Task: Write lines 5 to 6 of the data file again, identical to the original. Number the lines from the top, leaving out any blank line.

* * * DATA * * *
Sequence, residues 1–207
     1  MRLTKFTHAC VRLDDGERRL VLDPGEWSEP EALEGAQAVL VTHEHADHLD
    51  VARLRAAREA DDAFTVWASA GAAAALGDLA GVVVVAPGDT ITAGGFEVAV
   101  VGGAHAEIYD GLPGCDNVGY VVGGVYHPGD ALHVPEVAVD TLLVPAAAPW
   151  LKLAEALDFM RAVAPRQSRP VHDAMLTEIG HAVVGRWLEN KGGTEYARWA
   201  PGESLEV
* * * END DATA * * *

   151  LKLAEALDFM RAVAPRQSRP VHDAMLTEIG HAVVGRWLEN KGGTEYARWA
   201  PGESLEV